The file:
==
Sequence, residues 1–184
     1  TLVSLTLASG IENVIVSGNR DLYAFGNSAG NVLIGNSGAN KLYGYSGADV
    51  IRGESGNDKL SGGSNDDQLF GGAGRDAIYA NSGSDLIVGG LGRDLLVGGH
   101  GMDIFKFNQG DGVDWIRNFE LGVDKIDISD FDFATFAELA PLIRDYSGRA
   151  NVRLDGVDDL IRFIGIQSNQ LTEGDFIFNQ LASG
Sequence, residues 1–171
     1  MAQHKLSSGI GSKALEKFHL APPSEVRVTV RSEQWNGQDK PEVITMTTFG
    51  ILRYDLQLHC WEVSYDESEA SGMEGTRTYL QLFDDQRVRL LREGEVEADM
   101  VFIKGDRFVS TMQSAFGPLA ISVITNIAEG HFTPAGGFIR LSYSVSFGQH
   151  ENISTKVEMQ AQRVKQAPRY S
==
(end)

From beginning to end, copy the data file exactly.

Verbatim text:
Sequence, residues 1–184
     1  TLVSLTLASG IENVIVSGNR DLYAFGNSAG NVLIGNSGAN KLYGYSGADV
    51  IRGESGNDKL SGGSNDDQLF GGAGRDAIYA NSGSDLIVGG LGRDLLVGGH
   101  GMDIFKFNQG DGVDWIRNFE LGVDKIDISD FDFATFAELA PLIRDYSGRA
   151  NVRLDGVDDL IRFIGIQSNQ LTEGDFIFNQ LASG
Sequence, residues 1–171
     1  MAQHKLSSGI GSKALEKFHL APPSEVRVTV RSEQWNGQDK PEVITMTTFG
    51  ILRYDLQLHC WEVSYDESEA SGMEGTRTYL QLFDDQRVRL LREGEVEADM
   101  VFIKGDRFVS TMQSAFGPLA ISVITNIAEG HFTPAGGFIR LSYSVSFGQH
   151  ENISTKVEMQ AQRVKQAPRY S